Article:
A great example of someone who took this approach is the brilliant Danielle LaPorte. She started out doing Style Statement sessions with people, one at a time. Then, as those did well, and she wrote a book on it, she started doing Fire Starter Sessions, again, one at a time. Only then did she move fully into products. To get there, she worked with 100s of people in her audience, 1-on–1, and started to deeply understand things about them. So when she started building more and more products for them, they did well (see: very well) because she totally understands her audience. She had been talking to them, individually, for years.

If I can use myself as an example, I really feel like the reason my products do alright is because I spent years getting to know my audience. Decades as a designer, working 1-on–1 with people. Years honing my writing and interviewing, chatting with and calling up my rat people. Waiting to write a book until lots of people were asking me to write one—and writing one on a subject lots of people were hiring me to help with. Building courses and software based on knowing the needs of the folks I serve (again, through interacting and listening to them individually).

Which brings us to the final camp: people that know what they want to make because they know exactly who they want to make it for. Obviously not a cakewalk, but typically the easiest of the three. That’s because you know what to build because people are asking you to build it. And they are asking you to build it because you’re working with them individually. And you’re working with them individually because you know who they are, what they’re after and why they’re after it.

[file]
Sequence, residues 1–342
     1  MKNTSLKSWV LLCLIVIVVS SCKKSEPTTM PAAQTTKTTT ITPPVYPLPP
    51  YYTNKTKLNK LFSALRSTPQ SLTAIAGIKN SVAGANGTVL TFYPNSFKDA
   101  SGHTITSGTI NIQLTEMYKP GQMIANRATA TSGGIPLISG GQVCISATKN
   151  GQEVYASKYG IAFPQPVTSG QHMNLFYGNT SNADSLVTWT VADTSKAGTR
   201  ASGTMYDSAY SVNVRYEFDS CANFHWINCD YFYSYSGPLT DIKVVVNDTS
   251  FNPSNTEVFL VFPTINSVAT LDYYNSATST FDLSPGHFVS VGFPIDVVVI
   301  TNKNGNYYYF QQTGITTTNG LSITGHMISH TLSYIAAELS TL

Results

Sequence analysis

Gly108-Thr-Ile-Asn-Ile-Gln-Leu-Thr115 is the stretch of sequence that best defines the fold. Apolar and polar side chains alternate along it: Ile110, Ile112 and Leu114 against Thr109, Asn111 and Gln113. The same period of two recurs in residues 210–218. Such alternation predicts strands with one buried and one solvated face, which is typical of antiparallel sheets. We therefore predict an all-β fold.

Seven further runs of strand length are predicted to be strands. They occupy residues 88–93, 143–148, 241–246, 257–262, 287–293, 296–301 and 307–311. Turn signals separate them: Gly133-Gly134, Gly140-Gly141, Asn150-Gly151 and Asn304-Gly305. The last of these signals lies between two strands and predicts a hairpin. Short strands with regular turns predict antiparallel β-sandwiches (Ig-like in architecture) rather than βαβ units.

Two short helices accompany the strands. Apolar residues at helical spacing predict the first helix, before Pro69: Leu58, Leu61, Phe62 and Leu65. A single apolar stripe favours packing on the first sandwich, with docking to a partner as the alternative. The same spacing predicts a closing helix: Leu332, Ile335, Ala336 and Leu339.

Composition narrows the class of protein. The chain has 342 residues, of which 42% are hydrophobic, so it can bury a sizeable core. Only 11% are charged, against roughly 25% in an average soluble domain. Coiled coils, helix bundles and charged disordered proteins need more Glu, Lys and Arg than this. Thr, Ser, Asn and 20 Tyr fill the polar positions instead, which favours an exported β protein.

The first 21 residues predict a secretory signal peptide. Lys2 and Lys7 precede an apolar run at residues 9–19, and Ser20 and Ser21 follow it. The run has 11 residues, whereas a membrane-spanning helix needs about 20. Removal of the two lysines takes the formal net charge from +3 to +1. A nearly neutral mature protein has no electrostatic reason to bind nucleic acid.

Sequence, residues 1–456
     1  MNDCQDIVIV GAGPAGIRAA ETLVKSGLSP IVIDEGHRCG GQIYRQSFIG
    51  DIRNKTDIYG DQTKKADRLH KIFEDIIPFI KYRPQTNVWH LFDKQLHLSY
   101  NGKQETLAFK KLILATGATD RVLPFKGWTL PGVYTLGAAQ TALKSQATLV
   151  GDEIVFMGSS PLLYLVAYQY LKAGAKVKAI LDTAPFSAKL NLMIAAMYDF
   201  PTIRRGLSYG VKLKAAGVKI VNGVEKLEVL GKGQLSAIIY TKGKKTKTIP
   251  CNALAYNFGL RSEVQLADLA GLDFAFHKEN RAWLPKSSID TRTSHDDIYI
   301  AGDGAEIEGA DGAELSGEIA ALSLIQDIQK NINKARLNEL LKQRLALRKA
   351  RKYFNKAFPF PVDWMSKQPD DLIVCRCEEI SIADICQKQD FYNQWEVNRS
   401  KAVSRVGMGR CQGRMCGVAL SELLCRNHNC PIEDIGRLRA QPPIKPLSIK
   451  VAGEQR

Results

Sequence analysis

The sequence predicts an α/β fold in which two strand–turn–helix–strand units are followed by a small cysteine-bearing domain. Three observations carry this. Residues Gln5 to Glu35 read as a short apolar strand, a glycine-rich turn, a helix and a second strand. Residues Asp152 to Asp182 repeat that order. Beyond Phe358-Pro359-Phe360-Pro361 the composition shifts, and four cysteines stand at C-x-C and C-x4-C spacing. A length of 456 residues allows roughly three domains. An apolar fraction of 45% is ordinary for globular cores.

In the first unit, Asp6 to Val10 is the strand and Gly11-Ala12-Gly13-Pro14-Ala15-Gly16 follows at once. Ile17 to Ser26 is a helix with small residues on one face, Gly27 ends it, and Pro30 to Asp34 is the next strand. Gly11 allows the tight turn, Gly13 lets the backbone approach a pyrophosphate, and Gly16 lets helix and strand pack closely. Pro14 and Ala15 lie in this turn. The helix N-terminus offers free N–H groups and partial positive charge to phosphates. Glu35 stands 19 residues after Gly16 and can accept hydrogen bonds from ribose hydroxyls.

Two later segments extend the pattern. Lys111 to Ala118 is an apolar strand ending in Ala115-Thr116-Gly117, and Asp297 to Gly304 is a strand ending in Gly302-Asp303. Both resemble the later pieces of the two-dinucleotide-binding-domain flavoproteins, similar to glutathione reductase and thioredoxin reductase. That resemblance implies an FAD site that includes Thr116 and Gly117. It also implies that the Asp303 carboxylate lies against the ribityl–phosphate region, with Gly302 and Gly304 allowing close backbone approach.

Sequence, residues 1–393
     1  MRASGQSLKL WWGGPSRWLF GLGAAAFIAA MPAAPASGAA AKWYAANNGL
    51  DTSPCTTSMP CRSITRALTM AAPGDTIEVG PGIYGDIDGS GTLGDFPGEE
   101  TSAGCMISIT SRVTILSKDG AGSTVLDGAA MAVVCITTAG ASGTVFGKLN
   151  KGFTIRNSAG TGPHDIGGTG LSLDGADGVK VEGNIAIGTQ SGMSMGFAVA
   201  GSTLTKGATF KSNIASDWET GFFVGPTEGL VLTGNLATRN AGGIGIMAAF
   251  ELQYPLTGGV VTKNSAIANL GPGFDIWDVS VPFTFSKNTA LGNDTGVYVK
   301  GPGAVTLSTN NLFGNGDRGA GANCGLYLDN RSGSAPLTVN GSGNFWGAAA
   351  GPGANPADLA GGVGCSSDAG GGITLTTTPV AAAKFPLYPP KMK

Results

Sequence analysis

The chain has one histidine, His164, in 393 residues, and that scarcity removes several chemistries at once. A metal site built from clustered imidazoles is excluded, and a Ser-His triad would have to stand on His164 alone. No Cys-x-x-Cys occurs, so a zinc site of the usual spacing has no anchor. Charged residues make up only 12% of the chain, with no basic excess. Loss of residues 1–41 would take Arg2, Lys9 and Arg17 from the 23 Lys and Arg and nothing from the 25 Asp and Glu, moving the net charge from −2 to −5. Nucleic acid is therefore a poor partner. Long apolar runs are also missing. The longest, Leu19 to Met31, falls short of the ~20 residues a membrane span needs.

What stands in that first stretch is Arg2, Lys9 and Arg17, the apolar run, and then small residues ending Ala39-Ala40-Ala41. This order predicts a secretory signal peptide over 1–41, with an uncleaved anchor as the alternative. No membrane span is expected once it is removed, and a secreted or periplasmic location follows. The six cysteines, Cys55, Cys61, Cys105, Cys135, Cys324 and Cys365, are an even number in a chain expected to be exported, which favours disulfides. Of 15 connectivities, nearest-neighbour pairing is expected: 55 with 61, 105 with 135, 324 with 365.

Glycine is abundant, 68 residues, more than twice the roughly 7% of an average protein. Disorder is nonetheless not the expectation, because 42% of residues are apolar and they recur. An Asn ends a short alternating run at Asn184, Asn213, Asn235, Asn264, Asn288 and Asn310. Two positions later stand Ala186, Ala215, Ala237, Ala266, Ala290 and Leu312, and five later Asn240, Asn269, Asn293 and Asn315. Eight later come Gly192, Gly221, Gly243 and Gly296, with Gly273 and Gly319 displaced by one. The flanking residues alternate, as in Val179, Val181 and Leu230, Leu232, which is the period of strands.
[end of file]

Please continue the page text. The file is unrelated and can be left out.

If I was just starting out, had zero audience, but still had the same skill-set as I currently have, I wouldn’t make a product. Yet. First, I’d look for a client who’d benefit from the skills I have. I’d work with them not only to solve what they came to me to solve, but learn why they came to me in the first place. Then, with that knowledge in hand, I’d find a second client, which would be a little easier, since I could position myself a little better—because I now know what that first client was after. I’d do this again and again, paying attention the whole time, for patterns in wants, needs, motivations.

I wouldn’t necessarily wait decades or years to build a product, either, but I would wait until I noticed trends in what my specific audience was asking me to help with. Because that’d lead me to figure out how best to create 1-to-many things.

If I waited for that (which is hard to do, because patience can suck), I’d be in the third camp: knowing exactly what I need to make, because I understand exactly what my audience is after.

This observation isn’t meant to be discouraging. Hell, prove me wrong and make a product while a part of the the first or second camp—I’ll cheer you on. I’m just mentioning what I see as a slightly easier road that can typically have a better rate of return. If you’re in one of the first two camps, you’re still in a great place, where you can change your mind, redefine what you do and who it’s for, and get a really deep understanding of why you do what you do for the people you do it for. This is a fun place to be as well, and doesn’t need to be rushed!

Enjoy where you’re at, because you won’t be there forever. Just don’t let your ego or internet thought leaders push you forward when you know it doesn’t make sense.